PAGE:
Increases in beta-lipoproteins in hyperlipidemic and dyslipidemic dogs are associated with increased erythrocyte osmotic fragility

Authors

  • Erica Behling-Kelly,

    Corresponding author
    1. Department of Population Medicine and Diagnostic Sciences, College of Veterinary Medicine, Cornell University, Ithaca, NY, USA
    • Correspondence

      Erica Behling-Kelly, Department of Population Medicine and Diagnostic Sciences, College of Veterinary Medicine, Cornell University, S1-062 Schurman Hall, Tower Road, Ithaca, NY 14853, USA

      E-mail: eb58@cornell.edu

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  • Rebekah Collins-Cronkright

    1. Department of Population Medicine and Diagnostic Sciences, College of Veterinary Medicine, Cornell University, Ithaca, NY, USA
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Abstract

Background

The capacity of RBCs to traverse endothelium and deliver oxygen to tissues is dependent on a mechanically stable yet flexible plasma membrane. The lipid composition of the RBC membrane is crucial in maintaining its structure and fluidity. Lacking a nucleus and having minimal synthetic capacity, RBCs are exquisitely sensitive to changes in plasma lipids.

Objective

The objective of this study was to investigate the effects of plasma lipids on RBC fragility in hyperlipidemic and dyslipidemic dogs.

Methods

Osmotic fragility of RBCs, plasma lipoprotein fractions, and cholesterol and phospholipid content of RBC membranes were measured in hyperlipidemic, dyslipidemic, and healthy control dogs. Osmotic fragility of normal canine RBCs incubated in phosphate-buffered saline and in both intact and lipid-depleted plasma from diabetic dogs was also measured.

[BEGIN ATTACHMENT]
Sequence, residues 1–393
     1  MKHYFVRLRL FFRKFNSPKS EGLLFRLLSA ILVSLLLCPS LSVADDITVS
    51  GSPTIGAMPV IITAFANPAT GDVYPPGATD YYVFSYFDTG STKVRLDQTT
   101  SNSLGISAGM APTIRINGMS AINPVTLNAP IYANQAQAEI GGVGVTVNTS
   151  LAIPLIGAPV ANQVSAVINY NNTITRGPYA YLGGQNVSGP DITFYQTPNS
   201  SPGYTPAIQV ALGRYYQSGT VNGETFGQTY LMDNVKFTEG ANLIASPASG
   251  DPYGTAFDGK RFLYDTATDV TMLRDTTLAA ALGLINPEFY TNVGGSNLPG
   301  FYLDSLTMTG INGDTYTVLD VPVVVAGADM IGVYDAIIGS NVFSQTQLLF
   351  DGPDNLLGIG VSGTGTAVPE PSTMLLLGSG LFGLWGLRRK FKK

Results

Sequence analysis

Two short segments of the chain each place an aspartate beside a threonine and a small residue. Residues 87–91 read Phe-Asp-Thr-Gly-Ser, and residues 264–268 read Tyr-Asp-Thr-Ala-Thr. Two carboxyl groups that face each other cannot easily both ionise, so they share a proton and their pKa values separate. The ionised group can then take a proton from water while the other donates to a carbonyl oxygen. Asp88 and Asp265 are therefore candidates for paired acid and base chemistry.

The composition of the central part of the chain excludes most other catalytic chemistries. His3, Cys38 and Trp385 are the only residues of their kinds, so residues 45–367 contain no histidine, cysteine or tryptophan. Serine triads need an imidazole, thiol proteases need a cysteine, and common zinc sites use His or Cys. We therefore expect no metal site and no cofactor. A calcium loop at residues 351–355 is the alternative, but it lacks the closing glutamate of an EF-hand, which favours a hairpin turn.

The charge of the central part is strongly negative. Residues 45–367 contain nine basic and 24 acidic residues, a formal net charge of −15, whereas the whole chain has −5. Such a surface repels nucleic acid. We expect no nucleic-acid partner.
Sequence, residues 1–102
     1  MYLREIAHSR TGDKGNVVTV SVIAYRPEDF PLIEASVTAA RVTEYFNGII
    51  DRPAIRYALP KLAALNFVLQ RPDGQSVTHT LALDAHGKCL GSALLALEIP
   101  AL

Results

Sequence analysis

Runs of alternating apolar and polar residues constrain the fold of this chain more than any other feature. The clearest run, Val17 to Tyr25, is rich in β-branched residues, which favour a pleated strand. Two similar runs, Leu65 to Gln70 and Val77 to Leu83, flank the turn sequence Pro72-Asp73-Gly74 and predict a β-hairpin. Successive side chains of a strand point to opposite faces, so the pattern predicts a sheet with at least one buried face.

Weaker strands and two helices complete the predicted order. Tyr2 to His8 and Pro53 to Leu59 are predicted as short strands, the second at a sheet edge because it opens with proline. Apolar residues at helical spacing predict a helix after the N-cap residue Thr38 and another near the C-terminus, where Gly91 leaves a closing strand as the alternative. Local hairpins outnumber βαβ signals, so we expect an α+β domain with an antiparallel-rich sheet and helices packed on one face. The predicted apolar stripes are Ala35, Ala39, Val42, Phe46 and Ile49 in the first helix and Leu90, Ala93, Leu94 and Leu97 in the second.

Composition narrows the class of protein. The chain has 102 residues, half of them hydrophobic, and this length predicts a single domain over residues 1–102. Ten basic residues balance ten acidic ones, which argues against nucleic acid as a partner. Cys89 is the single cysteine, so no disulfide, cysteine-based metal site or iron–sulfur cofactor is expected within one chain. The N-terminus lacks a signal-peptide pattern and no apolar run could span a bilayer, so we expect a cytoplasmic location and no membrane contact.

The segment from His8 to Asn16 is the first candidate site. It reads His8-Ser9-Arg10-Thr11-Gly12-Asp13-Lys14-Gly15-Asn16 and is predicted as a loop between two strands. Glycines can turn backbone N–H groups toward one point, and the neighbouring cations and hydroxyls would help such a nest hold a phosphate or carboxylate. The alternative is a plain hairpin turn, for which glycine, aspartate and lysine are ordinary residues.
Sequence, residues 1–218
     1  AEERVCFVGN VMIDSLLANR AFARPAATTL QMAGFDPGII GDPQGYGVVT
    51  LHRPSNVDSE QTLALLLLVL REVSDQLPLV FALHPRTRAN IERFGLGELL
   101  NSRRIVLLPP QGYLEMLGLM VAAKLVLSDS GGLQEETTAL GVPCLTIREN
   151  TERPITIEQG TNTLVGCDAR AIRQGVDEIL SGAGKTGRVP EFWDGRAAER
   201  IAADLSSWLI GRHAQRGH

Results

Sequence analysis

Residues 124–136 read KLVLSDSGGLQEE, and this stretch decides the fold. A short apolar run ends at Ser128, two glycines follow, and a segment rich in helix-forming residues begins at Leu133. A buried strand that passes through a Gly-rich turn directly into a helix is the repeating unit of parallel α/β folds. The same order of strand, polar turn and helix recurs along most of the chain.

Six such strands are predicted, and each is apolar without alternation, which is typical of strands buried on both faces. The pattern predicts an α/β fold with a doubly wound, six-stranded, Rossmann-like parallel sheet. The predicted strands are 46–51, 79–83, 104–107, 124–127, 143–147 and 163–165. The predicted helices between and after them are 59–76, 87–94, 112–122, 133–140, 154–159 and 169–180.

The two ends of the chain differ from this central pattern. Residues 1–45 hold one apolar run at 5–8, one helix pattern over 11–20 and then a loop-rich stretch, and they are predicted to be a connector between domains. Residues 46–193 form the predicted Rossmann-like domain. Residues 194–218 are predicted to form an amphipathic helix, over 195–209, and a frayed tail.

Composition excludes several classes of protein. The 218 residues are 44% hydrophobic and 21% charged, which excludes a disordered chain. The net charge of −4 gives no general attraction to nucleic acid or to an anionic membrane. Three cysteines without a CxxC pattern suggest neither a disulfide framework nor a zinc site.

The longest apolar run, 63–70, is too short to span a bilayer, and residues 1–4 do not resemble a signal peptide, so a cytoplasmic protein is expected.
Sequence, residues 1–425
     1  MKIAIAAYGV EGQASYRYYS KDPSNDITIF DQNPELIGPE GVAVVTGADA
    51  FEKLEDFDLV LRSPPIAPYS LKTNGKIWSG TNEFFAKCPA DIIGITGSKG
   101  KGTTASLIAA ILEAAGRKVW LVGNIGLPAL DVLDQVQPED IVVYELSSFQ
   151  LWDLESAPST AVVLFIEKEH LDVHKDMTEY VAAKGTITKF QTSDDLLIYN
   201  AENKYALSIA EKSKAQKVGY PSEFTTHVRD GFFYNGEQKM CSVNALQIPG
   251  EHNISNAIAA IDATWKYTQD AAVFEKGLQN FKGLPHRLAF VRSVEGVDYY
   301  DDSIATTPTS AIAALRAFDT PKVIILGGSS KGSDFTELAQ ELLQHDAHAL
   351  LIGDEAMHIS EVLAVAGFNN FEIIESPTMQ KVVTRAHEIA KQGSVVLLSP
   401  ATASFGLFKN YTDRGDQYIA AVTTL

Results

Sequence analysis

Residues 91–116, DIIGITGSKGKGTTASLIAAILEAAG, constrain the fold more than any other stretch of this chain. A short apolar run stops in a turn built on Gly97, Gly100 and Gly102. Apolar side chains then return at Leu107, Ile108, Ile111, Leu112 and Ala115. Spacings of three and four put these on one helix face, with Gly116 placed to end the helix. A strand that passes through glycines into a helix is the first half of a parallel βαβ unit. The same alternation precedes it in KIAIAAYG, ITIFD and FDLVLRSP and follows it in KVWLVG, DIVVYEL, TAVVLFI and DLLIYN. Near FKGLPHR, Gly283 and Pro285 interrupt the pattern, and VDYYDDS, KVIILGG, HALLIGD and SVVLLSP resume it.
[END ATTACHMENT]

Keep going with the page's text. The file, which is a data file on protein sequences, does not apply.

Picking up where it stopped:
Results

RBCs from hyperlipidemic and dyslipidemic dogs with diabetes mellitus and dogs treated with glucocorticoids were significantly more fragile than RBCs from healthy control dogs. RBCs from hyperlipidemic dogs with cholestatic disease tended to be more stable relative to RBCs from controls. RBC osmotic fragility was positively correlated with beta-lipoprotein levels, but was only weakly correlated with serum cholesterol concentration. Incubation in plasma from hyperlipidemic diabetic dogs rendered RBCs from healthy dogs osmotically fragile, whereas lipid-depleted plasma from the same diabetic dogs had no effect.

Conclusions

RBCs from hyperlipidemic and dyslipidemic dogs are osmotically fragile, and fragility is highly correlated with increases in beta-lipoproteins. Future studies are planned to address the consequences of lipid-induced fragility and subclinical hemolysis on endothelial cells, platelets, and coagulation.

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